Here at the brain it is referred to the memory center. If the picture is a common one our memory accepts it readily, but if we are looking upon some new picture, some new scene, our memory does not recognize it, and then we must repeat the picture over and over many times until it makes a lasting impression. Therefore, we do not see with our eyes; we see with our mind.

Thought is a subtle element;

although it is invisible to the physical sight, it is an actual force or substance, as real as electricity, light, heat, water or even stone.

We are surrounded by a vast ocean of thought stuff through which our thoughts pass like currents of electricity, or tiny streaks of light or musical waves. You can flash your thoughts from pole to pole, completely around the world many times in less than a single second.

Scientists tell us that thought is compared with the speed of light. They tell us our thoughts travel at the rate of 186,000 miles per second. Our thought travels 930,000 times faster than the sound of our voice. No other force or power in the universe yet known is as great or as quick. It is a proven fact, scientifically, that the mind is a battery of force, the greatest of any known element.

It is an unlimited force; your power to think is inexhaustible, yet there is not one in a thousand who may be fully aware of the possibilities of his thought power. We are mere babes in handling it. As we grow in understanding and in the right use of thought, we will learn to banish our ills, to establish good in every form we may desire. It is our power to think that determines our state of living.

As one is able to think, he generates a power that travels far and near, and this power sets up a radiation which becomes individual as he determines it. Our thoughts affect our welfare, and often affect others we think of. The kind of thoughts we register on our memories or habitually think attracts the same kind of conditions.

If we take the thought of success and keep it in mind , the thought elements will be attracted, for"like attracts like." We are mentally drawn to the universal thought currents of success, and these thought currents of success are existent all around us. We will psychically contact minds who think along the same lines, and later such minds will be brought into our lives. Therefore, successful minded people help success to come to them. That is how successful living is founded.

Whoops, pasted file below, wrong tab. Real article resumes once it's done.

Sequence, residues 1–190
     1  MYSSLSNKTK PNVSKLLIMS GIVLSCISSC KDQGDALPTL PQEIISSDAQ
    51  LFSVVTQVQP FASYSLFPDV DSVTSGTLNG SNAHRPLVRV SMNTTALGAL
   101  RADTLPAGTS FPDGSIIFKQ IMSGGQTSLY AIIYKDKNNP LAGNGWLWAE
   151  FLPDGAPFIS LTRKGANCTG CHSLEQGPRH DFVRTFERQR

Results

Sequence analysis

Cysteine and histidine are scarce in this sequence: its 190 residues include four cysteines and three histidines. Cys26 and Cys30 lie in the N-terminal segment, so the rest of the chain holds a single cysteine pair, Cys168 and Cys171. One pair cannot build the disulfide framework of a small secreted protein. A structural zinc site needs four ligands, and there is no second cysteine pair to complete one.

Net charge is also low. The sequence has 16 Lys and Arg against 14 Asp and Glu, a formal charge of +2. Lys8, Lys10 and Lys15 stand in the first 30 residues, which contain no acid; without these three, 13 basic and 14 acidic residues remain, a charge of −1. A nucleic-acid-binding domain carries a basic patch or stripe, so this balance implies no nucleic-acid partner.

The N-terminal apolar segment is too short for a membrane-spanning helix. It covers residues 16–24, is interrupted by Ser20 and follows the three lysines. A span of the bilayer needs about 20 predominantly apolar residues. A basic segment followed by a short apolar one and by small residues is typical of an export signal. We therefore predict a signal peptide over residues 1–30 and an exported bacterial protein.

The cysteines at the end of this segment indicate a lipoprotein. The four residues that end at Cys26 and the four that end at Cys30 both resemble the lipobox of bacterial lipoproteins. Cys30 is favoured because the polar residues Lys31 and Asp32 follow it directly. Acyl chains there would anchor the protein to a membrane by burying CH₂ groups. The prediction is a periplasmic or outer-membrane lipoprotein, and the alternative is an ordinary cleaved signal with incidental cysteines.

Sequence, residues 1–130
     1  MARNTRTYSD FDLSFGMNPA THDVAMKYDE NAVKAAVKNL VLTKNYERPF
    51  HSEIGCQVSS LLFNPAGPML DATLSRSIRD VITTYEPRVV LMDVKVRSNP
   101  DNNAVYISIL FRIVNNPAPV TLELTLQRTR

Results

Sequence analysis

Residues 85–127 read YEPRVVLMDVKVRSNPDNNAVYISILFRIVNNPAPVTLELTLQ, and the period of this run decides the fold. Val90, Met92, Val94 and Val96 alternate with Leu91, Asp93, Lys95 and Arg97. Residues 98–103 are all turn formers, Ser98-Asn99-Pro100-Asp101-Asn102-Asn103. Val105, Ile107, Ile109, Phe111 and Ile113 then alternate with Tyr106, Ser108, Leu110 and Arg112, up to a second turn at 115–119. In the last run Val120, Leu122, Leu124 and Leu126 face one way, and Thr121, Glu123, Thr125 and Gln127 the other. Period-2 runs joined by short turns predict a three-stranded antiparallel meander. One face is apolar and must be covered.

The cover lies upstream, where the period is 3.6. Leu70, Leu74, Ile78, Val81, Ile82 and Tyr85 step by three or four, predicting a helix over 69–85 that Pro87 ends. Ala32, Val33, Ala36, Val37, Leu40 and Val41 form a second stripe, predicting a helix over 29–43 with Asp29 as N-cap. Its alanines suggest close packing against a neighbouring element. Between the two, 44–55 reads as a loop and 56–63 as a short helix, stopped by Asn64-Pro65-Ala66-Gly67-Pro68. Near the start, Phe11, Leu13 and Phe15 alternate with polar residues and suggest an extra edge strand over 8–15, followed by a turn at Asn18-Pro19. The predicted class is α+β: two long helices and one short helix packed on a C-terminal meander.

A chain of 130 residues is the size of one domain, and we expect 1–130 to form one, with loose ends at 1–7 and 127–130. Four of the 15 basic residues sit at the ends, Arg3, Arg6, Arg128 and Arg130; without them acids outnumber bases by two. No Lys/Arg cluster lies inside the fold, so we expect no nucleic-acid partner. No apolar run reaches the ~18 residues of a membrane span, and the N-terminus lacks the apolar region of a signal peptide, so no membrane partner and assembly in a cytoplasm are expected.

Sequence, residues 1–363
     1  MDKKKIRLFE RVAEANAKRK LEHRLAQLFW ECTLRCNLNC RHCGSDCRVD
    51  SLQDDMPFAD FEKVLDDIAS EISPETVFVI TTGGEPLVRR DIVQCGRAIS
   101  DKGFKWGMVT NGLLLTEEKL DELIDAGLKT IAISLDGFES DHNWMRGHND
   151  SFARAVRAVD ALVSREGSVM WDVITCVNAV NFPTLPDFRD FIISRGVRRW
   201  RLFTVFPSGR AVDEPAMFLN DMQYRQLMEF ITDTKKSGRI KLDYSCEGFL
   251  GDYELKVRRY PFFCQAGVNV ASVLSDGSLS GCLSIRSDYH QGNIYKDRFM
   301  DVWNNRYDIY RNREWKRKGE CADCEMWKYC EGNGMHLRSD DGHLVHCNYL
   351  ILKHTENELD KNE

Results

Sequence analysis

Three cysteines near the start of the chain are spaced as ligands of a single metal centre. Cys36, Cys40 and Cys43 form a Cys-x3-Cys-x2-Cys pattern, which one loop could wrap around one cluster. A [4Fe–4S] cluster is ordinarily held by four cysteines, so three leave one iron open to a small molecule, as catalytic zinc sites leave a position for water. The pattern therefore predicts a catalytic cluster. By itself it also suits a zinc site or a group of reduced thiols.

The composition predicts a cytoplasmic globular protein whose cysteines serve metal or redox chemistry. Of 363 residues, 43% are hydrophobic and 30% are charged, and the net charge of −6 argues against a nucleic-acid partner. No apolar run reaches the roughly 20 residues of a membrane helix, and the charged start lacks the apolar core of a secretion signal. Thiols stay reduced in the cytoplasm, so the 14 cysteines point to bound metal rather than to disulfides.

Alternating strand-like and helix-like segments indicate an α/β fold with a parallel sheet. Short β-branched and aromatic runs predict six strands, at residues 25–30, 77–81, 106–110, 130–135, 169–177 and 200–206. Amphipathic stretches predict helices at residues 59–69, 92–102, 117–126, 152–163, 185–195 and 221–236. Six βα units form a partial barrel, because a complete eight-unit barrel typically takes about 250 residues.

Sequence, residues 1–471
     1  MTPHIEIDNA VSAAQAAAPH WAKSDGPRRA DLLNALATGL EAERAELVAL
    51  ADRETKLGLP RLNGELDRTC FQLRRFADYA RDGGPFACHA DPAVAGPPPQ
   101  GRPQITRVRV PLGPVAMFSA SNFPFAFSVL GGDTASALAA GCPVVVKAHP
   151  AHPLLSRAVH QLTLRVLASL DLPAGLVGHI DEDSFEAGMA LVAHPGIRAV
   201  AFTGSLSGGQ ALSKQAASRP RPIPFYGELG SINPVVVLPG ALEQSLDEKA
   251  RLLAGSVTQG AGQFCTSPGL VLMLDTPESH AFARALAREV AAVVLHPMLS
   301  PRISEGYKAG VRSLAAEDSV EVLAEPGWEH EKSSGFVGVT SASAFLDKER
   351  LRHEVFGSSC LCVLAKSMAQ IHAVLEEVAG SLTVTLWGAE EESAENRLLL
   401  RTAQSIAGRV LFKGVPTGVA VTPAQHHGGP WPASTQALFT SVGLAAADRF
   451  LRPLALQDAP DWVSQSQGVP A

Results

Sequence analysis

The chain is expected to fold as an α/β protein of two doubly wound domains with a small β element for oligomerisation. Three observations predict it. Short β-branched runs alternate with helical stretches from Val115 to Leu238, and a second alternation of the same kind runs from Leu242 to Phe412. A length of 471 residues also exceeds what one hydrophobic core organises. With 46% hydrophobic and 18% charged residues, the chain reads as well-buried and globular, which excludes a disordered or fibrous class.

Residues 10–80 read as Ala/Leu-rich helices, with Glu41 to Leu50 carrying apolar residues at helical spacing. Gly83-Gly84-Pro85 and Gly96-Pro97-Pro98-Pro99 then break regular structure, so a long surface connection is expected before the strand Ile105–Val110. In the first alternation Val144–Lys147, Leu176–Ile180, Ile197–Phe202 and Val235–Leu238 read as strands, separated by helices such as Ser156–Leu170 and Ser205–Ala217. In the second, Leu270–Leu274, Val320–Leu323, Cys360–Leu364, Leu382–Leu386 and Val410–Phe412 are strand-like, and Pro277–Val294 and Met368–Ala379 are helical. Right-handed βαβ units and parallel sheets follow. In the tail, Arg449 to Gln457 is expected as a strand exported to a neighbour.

The Law of mind is in perpetual operation, and it works both ways. Persons who dwell on thoughts of failure or poverty will gravitate toward like conditions; they, in turn, will draw to them people who accept failure and poverty. On the other hand, we can think on positive conditions, on success and plenty, and in the same manner, enjoy full and plenty. What the mind holds within takes its form in the outer world.

Some think that we must deal with two forces; that is, to attract the good we must do away with the bad, but this is not true. For example; if we are cold, we do not work with cold and heat alike in order to get warm. We build a fire, and as we gather around that fire we enjoy the heat that is extended from it and become warm. As we build up warmth, the cold disappears, for cold is the absence of heat. To be warm, we give our whole thought to those things which tend to create warmth; we ignore the cold in thinking of heat and bring forth heat.

Prosperity and poverty are not two things; they are merely two sides of one and the same thing. They are but one power, rightly or wrongly used. We cannot think of plenty and then worry about the uncomfortable conditions that may seem apparent. We think about plenty, and as we think of it, lack, its opposite, will become absorbed or disappear.

All our thoughts must be directed to that one thing which we desire in order that our desire may be fulfilled. Our method is not manipulating two powers, not dealing with good and evil, right and wrong, prosperity and poverty, but as we follow the Law of Good and dwell upon that which is good we shall bring to pass all good things.

The mind force is creating continually like fertile soil. Nature does not differentiate between the seed of a weed and that of a flower. She produces and causes both seeds to grow.

The same energy is used for both, and so it is with the mind. The mind creates either good or bad. Your ideas determine which is to be created. "

Dharma = Removing and Preventing the Deeper Pain

[See the Archive , September 7 (2008), for continued passage.]

--from Mind of Clear Light : Advice on Living Well and Dying Consciously by His Holiness the Dalai Lama,

translated and edited by Jeffrey Hopkins,